Anne Rice has written a metaphysical suspense story about angels and murderers in "Angel Time: The Songs of the Seraphim."
The protaganist, Toby O'Dare, is a hit man, who's been assigned to kill again. Out of nowhere, a stranger, a seraph, gives him the opportunity to save lives instead. O'Dare, who once thought of becoming a priest, takes him up on it. Soon he journeys back to 13th-century England, where children vanish without a trace and Jews are accused of ritual murder.
Read the excerpt below, and then head to the "GMA" Library to find more good reads.
There were omens from the beginning.
First off, I didn't want to do a job at the Mission Inn. Anywhere in the country, I would have been willing, but not the Mission Inn. And in the bridal suite, that very room, my room. Bad luck and beyond, I thought to myself.
Of course my boss, The Right Man, had no way of knowing when he gave me this assignment that the Mission Inn was where I went when I didn't want to be Lucky the Fox, when I didn't want to be his assassin.
The Mission Inn was part of that very small world in which I wore no disguise. I was simply me when I went there, six foot four, short blond hair, gray eyes—a person who looked like so many other people that he didn't look like any special person at all. I didn't even bother to wear braces to disguise my voice when I went there. I didn't even bother with the de rigueur sunglasses that shielded my identity in every other place, except the apartment and neighborhood where I lived.
I was just who I am when I went there, though who I am was nobody except the man who wore all those elaborate disguises when he did what he was told to do by The Right Man.
So the Mission Inn was mine, cipher that I was, and so was the bridal suite, called the Amistad Suite, under the dome. And now I was being told to systematically pollute it. Not for anyone else but myself, of course. I would never have done anything to harm the Mission Inn.
A giant confection and confabulation of a building in Riverside, California, it was where I often took refuge, an extravagant and engulfing place sprawling over two city blocks, and where I could pretend, for a day or two or three, that I wasn't wanted by the FBI, Interpol, or The Right Man, a place where I could lose myself and my conscience. Europe had long ago become unsafe for me, due to the increased security at every checkpoint, and the fact that the law enforcement agencies that dreamed of trapping me had decided I was behind every single unsolved murder they had on the books.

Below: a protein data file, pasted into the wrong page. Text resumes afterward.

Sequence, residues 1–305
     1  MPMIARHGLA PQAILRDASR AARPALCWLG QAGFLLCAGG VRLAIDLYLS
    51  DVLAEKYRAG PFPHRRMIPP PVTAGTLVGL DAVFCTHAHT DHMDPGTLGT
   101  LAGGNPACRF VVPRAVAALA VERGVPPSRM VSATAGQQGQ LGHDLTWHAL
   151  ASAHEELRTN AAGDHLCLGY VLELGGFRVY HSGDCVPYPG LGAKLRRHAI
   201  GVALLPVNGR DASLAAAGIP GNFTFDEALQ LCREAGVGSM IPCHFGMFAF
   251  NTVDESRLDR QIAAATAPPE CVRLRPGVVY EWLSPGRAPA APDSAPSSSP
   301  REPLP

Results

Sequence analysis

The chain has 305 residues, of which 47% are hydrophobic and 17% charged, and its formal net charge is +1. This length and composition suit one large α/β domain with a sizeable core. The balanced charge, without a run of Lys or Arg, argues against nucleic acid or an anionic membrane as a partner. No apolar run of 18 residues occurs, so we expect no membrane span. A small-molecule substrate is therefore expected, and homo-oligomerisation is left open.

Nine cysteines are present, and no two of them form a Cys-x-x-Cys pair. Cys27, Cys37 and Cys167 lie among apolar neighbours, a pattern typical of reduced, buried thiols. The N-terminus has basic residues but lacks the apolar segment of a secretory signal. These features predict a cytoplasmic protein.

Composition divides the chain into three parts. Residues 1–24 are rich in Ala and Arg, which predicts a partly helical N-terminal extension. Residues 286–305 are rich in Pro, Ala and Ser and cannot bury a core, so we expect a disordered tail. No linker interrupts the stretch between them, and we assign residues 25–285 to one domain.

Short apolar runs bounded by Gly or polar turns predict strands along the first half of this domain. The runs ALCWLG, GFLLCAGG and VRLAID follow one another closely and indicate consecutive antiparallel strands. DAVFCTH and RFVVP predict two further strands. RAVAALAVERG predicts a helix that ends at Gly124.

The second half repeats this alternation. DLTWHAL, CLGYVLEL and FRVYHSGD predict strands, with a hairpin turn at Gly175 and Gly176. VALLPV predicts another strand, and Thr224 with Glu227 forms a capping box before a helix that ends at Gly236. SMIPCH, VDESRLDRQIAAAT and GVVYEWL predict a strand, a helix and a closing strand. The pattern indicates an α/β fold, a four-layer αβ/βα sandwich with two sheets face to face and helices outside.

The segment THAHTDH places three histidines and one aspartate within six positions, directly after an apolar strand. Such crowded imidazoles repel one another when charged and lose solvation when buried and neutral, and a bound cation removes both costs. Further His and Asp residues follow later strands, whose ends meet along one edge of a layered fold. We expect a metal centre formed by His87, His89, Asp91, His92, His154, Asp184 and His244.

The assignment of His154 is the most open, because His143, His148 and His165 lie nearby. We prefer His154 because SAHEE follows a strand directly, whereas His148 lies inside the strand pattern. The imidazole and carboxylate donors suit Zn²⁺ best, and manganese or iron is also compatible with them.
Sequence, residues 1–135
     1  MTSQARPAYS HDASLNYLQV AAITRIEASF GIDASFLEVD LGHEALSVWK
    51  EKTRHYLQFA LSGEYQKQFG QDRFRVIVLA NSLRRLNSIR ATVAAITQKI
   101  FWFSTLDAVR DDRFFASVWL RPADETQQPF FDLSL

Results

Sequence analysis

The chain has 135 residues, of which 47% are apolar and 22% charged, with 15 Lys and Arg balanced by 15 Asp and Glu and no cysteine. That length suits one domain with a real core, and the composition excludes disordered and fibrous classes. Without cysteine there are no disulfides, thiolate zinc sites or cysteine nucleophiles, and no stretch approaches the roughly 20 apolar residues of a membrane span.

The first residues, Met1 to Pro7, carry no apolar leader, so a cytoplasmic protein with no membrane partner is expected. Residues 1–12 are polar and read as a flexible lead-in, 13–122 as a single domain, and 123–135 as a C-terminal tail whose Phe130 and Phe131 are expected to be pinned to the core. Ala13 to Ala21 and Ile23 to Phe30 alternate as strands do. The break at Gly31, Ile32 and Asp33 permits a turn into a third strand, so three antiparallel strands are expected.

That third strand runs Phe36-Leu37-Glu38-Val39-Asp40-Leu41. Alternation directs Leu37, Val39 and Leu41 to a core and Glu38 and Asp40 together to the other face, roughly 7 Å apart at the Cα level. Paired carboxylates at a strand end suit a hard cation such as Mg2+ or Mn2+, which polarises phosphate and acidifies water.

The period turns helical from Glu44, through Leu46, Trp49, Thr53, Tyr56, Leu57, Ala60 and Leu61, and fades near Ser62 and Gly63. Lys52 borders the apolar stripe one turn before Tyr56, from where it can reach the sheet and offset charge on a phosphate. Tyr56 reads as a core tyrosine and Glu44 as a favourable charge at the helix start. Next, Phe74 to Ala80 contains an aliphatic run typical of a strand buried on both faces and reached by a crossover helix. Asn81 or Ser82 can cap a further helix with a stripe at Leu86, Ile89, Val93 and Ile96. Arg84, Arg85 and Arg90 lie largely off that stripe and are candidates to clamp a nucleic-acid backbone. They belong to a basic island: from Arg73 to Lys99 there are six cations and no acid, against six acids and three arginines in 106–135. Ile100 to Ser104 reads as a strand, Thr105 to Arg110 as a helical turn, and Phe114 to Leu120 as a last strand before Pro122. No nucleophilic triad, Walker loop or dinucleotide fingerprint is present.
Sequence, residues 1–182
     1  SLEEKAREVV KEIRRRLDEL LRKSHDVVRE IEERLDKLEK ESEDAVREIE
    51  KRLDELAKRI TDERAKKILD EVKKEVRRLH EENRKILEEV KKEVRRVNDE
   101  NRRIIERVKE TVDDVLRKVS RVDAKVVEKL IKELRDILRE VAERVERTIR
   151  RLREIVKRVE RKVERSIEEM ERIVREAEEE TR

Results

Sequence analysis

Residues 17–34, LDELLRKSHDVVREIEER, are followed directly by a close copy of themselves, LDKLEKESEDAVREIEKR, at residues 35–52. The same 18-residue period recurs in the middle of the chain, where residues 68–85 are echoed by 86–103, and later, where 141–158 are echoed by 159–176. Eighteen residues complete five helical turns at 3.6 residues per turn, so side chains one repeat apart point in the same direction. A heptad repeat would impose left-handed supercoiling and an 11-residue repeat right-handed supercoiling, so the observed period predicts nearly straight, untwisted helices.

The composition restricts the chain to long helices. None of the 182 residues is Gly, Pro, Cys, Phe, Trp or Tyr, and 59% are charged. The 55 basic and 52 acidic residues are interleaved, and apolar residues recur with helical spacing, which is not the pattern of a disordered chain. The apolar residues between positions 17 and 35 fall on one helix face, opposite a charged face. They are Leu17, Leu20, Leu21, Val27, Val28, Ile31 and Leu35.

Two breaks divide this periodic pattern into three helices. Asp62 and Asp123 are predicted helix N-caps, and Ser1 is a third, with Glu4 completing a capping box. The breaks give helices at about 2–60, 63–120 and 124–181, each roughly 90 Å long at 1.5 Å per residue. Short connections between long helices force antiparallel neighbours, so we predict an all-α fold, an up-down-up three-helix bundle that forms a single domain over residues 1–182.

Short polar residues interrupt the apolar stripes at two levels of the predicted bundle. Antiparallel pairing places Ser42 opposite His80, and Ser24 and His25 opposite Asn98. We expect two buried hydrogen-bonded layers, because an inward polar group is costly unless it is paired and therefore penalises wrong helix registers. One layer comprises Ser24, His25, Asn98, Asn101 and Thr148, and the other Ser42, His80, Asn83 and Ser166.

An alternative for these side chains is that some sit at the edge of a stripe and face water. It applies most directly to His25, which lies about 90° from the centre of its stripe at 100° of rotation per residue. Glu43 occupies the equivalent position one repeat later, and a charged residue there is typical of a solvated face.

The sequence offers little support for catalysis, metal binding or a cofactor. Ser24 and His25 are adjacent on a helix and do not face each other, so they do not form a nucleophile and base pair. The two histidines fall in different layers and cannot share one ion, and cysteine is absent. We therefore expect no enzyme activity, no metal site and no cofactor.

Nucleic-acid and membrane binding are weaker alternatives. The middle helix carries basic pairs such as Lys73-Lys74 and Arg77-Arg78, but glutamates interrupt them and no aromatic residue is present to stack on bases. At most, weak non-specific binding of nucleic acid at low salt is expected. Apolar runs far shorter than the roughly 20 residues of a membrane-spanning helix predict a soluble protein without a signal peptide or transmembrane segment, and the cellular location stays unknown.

If I wanted the atmosphere I'd loved so much in Siena or Assisi, or Vienna or Prague and all the other places I could no longer visit, I sought out the Mission Inn. It couldn't be all those places, no. Yet it gave me a unique haven and sent me back out into my sterile world a renewed spirit.
It wasn't the only place where I wasn't anybody at all, but it was the best place, and the place to which I went the most.
The Mission Inn was not far from where I "lived," if one could call it that. And I went there on impulse generally, and at any time that they could give me my suite. I liked the other rooms all right, especially the Inn keeper's Suite, but I was patient in waiting for the Amistad. And sometimes they called me on one of the many special cell phones I carried, to let me know the suite could be mine.